WASHINGTON—Today, the U.S. Senate Judiciary Committee will consider 2 additional proposals riddled with constitutional and digital privacy issues: the STOP CSAM Act and the Cooper Davis Act.
As previously noted, under existing law, any website that finds child sexual abuse material (CSAM) must take it down and report it to NCMEC or face liability. Additionally, websites and social media businesses are voluntarily looking for CSAM and reporting it to NCMEC. In just 6 months, social media companies reported over 51 million instances of CSAM.
Congress doesn’t need to give federal agencies more power to target these issues as these bills would do.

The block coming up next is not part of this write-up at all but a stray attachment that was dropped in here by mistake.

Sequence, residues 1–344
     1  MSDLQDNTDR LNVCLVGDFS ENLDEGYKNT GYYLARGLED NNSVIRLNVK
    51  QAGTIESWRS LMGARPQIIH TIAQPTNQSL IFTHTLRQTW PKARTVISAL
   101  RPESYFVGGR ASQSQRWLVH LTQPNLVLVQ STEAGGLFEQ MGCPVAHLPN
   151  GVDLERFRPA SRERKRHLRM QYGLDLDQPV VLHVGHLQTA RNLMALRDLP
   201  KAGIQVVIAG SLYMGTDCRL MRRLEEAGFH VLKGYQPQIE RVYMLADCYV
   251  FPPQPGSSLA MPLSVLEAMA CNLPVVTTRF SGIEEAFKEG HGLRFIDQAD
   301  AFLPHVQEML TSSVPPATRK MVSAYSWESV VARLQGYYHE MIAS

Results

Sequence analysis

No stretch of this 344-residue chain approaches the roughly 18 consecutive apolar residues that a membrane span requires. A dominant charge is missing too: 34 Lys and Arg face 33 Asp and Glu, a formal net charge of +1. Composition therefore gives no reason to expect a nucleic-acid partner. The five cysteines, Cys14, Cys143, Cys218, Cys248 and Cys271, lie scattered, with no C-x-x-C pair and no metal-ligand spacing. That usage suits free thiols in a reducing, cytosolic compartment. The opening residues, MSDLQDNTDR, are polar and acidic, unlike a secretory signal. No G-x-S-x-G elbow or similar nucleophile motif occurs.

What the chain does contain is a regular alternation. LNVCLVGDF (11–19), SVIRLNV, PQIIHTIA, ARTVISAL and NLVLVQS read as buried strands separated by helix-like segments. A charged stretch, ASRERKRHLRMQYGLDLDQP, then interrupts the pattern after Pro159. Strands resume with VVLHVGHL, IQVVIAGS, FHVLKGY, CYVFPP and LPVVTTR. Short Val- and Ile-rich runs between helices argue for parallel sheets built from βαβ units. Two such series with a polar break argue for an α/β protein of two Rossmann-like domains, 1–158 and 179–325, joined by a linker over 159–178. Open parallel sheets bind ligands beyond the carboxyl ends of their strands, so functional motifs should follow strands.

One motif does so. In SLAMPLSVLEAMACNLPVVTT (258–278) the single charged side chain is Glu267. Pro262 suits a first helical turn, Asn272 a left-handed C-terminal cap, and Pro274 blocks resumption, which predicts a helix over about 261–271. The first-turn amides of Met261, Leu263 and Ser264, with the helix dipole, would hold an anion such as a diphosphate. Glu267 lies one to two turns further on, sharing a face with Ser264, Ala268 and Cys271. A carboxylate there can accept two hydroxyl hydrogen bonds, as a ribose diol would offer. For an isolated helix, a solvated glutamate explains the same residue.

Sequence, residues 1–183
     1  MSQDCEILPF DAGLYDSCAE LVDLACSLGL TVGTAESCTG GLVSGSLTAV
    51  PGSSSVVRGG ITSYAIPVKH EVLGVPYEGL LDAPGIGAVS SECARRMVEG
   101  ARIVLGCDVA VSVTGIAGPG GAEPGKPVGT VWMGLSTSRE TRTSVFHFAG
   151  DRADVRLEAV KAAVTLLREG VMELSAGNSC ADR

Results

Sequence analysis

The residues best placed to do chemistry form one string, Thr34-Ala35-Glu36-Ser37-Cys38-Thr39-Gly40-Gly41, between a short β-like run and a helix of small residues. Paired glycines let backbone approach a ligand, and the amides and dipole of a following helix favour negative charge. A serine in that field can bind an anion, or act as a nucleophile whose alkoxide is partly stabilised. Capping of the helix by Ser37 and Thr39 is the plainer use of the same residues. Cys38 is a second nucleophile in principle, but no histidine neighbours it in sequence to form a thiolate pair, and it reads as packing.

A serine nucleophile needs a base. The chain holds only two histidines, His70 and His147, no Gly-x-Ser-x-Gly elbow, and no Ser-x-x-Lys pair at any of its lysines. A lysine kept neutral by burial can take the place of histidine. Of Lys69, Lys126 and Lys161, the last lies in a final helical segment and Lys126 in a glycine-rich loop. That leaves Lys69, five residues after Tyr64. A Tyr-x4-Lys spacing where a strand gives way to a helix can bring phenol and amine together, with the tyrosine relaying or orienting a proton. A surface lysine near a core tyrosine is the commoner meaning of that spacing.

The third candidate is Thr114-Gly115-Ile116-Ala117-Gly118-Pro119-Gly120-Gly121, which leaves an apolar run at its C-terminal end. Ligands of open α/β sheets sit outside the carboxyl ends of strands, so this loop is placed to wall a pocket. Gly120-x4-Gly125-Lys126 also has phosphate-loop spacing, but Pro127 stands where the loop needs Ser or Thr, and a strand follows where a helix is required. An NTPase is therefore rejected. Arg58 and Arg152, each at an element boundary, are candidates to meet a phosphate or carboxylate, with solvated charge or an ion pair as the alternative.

“Social media companies are incentivized to keep their users safe. If they don’t, they will lose customers. While these bills were proposed with very good intentions, they fail to address the core of the problem lawmakers are trying to solve: keeping young people safe online,” said NetChoice Vice President & General Counsel Carl Szabo. “Instead of targeting tools and innovators, lawmakers should be focusing on targeting the child predators and bad actors who are abusing online services.”
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